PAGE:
Jon Anderson, Ben Laurie, Kris Kennaway, and I were pleased to see prominent mention of Capsicum in the recent FreeBSD 9.0 press release:
Continuing its heritage of innovating in the area of security research, FreeBSD 9.0 introduces Capsicum. Capsicum is a lightweight framework which extends a POSIX UNIX kernel to support new security capabilities and adds a userland sandbox API. Originally developed as a collaboration between the University of Cambridge Computer Laboratory and Google and sponsored by a grant from Google, FreeBSD was the prototype platform and Chromium was the prototype application. FreeBSD 9.0 provides kernel support as an experimental feature for researchers and early adopters. Application support will follow in a later FreeBSD release and there are plans to provide some initial Capsicum-protected applications in FreeBSD 9.1.
“Google is excited to see the award-winning Capsicum work incorporated in FreeBSD 9.0, bringing native capability security to mainstream UNIX for the first time,” said Ulfar Erlingsson, Manager, Security Research at Google.
We first wrote about Capsicum, a hybridisation of the capability system security model with POSIX operating system semantics developed with support from Google, in Capsicum: practical capabilities for UNIX (USENIX Security 2010 and ;login magazine). Capsicum targets the problem of operating system support for application compartmentalisation — the restructuring of applications into a set of sandboxed components in order to enforce policies and mitigate security vulnerabilities. While Capsicum’s hybrid capability model is not yet used by the FreeBSD userspace, experimental kernel support will make Capsicum more accessible to researchers and software developers interested in deploying application sandboxing. For example, the Policy Weaving project at the University of Wisconsin has been investigating automated application compartmentalisation in support of security policy enforcement using Capsicum.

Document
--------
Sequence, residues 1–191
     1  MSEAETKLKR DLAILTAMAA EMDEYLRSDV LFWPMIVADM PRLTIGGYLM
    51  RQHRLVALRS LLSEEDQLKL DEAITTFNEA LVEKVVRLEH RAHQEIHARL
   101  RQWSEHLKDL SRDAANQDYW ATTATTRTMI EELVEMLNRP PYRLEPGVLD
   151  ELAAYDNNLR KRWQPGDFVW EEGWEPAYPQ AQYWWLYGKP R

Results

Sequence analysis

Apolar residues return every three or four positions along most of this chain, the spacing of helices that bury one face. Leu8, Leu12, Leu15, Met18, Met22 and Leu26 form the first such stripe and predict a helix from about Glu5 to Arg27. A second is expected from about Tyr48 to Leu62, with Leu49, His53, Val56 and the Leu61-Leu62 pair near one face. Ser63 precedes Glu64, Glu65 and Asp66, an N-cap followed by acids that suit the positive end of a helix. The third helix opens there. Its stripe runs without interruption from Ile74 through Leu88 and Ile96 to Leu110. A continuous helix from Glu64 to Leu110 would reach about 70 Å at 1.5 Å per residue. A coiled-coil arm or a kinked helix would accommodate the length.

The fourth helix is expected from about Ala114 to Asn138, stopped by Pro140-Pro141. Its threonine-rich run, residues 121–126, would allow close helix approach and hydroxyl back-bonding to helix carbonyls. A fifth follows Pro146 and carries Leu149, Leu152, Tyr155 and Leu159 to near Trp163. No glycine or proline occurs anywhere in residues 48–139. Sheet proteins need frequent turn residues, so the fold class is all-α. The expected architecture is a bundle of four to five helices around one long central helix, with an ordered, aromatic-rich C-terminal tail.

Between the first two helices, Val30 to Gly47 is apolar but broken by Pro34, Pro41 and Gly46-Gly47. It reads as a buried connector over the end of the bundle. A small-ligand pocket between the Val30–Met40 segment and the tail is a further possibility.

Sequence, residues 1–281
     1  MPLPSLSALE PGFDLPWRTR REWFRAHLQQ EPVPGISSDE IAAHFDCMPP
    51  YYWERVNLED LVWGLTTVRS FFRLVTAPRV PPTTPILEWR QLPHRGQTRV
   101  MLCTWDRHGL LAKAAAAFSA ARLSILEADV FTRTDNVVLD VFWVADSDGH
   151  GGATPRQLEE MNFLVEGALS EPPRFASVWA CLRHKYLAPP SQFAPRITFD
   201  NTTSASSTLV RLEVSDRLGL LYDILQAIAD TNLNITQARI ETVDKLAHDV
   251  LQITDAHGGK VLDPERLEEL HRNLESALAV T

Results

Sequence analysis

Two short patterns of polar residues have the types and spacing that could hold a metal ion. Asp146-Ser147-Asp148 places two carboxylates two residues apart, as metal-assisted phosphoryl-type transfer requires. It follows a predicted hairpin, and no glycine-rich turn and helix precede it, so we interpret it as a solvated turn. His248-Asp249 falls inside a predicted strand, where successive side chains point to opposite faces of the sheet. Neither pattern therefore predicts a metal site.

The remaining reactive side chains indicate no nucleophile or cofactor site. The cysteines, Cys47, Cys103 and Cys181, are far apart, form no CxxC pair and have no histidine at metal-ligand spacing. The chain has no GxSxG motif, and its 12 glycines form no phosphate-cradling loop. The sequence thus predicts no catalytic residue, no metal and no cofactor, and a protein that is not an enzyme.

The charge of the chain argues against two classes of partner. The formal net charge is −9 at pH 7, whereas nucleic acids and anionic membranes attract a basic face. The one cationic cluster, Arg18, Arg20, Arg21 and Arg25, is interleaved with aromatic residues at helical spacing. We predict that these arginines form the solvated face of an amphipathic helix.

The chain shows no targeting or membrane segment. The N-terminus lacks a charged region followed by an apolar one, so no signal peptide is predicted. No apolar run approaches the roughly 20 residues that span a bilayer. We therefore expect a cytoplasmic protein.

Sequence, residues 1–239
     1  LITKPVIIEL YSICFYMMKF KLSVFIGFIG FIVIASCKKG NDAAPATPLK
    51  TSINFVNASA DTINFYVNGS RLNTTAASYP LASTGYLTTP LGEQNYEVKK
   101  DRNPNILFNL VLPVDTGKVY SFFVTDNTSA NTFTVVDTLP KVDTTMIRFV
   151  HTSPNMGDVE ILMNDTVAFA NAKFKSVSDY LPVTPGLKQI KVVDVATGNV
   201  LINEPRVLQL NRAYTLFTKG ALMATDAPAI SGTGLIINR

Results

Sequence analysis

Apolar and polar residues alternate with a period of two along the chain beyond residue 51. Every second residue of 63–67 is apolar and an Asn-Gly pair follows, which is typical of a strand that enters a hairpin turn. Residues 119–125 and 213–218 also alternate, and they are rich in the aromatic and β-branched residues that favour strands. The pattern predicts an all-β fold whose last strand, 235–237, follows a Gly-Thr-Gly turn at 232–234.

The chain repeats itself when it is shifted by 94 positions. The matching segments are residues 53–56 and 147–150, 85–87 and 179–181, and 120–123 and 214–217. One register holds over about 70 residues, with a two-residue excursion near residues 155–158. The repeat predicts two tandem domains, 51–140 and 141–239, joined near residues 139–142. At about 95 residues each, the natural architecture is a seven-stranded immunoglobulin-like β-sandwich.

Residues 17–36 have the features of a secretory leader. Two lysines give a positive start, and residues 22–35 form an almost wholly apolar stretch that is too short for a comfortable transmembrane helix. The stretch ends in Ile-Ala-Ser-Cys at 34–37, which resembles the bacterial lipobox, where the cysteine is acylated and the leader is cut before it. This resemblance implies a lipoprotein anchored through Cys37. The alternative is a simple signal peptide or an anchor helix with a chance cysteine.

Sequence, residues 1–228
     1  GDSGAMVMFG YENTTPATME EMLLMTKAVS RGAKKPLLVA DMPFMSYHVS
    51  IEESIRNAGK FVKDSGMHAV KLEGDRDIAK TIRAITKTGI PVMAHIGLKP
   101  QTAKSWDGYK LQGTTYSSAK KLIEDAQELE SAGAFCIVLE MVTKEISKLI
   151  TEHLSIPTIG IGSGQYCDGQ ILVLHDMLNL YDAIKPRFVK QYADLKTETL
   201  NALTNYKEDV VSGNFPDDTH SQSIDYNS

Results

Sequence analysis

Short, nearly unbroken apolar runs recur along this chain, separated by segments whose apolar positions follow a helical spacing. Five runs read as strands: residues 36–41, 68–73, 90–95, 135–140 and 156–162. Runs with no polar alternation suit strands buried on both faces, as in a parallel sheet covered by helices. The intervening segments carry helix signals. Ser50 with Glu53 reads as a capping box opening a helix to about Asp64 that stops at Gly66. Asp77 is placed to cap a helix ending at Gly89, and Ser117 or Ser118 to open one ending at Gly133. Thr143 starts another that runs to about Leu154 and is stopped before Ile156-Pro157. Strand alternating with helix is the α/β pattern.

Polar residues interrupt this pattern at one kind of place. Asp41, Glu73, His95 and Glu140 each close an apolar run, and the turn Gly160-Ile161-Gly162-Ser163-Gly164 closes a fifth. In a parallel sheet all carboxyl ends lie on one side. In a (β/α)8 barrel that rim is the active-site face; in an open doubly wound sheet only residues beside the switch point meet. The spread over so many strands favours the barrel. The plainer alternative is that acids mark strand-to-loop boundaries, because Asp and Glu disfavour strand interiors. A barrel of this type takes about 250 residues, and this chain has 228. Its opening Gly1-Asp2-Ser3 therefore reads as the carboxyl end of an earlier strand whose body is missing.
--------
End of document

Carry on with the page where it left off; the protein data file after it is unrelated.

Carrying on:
Earlier this month, I blogged about monitoring password-guessing attacks on a server, via a patched OpenSSH. This experiment has now been running for just over two weeks, and there are some interesting results. I’ve been tweeting these since the start.
As expected, the vast majority of password-guessing attempts are quite dull, and fall into one of two categories. Firstly there are attempts with a large number of ‘poor’ passwords (e.g. “password”, “1234”, etc…) against a small number of accounts which are very likely to exist (almost always “root”, but sometimes others such as “bin”).
Secondly, there were attempts on a large number of accounts which might plausibly exist (e.g. common first names and software packages such as ‘oracle’). For these, there were a very small number of password attempts, normally only trying the username as password. Well established good practices such as choosing a reasonably strong password and denying password-based log-in to the root account will be effective against both categories of attacks. Surprisingly, there were few attempts which were obviously default passwords from software packages (but they perhaps were hidden in the attempts where username equalled password). However, one attempt was username: “rfmngr”, password: “$rfmngr$”, which is the default password for Websense RiskFilter (see p.10 of the manual).
There were, however, some more interesting attempts. Continue reading Observations from two weeks of SSH brute force attacks
Privacy and anonymity are increasingly important in the online world. Corporations, governments, and other organizations are realizing and exploiting their power to track users and their behavior. Approaches to protecting individuals, groups, but also companies and governments, from profiling and censorship include decentralization, encryption, distributed trust, and automated policy disclosure.
The 12th Privacy Enhancing Technologies Symposium addresses the design and realization of such privacy services for the Internet and other data systems and communication networks by bringing together anonymity and privacy experts from around the world to discuss recent advances and new perspectives.
The symposium seeks submissions from academia and industry presenting novel research on all theoretical and practical aspects of privacy technologies, as well as experimental studies of fielded systems. We encourage submissions with novel technical contributions from other communities such as law, business, and data protection authorities, that present their perspectives on technological issues.
Submissions are due 20 February 2012, 23:59 UTC. Further details can be found in the full Call for Papers.